The Federal Trade Commission (FTC) encouraged people to opt for free credit monitoring rather than making claims for cash in the Equifax security breach settlement.
What We Know:
- Individuals affected by the 2017 Equifax security breach are eligible to file claims for their losses up to $20,000. Claims for the time spent dealing with the breach valued at $25 an hour and existing members of a credit monitoring security program can claim $125 by simply signing up for the settlement on their website. Additionally, Equifax is offering a free credit monitoring and data protection program to those who do not already have it.
- The FTC reported Wednesday that “millions of people” have made settlement claims. It’s estimated that 147 million people’s personal information was exposed in the breach. While all 147 million affected individuals can receive the offered free credit monitoring, there is indeed a limit to the amount of money the company can offer in settlement claims; The company will only pay $31 million in claims, meaning many people won’t actually receive the full $125 they submitted for.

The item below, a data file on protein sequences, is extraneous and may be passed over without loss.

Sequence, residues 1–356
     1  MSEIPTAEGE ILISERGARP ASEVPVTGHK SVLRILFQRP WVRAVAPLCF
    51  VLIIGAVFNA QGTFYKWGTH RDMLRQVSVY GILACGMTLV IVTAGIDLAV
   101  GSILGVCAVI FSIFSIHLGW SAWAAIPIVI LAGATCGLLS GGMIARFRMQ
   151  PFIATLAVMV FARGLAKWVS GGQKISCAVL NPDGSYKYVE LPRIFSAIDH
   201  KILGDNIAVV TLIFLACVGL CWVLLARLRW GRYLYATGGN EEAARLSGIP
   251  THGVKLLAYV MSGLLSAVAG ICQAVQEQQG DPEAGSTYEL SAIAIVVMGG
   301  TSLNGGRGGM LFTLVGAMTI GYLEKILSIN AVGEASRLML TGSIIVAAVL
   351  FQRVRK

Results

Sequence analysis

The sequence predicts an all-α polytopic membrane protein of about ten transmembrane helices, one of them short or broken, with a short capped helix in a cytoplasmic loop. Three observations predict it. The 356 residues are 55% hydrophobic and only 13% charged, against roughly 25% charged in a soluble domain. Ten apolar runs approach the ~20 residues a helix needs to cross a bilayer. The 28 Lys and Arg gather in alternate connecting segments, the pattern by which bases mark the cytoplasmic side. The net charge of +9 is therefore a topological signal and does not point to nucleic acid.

- Due to this high demand and likely disappointing return, the FTC is encouraging affected individuals to opt for the free credit monitoring instead of the cash settlement. “Frankly, the free credit monitoring is worth a lot more – the market value would be hundreds of dollars a year,” the FTC wrote in their report. The monitoring also comes with up to $1 million in identity theft insurance and individualized identity restoration services.
- Those who have already submitted claims for cash payment can still switch to the free credit monitoring, although there is still money available for people who can verify they paid money out of pocket for costly security precautions (like freezing and unfreezing credit accounts or hiring professionals to recover from identity theft) to recover from the breach; The pool of money allocated for these types of reimbursements is much larger because these claims can reach up to $20,000 each.
Equifax did agree to contribute an additional $125 million if the overall settlement fund ran low, but it is not stipulated that the company must regenerate the allotted $31 million fund for the $125 cash payouts.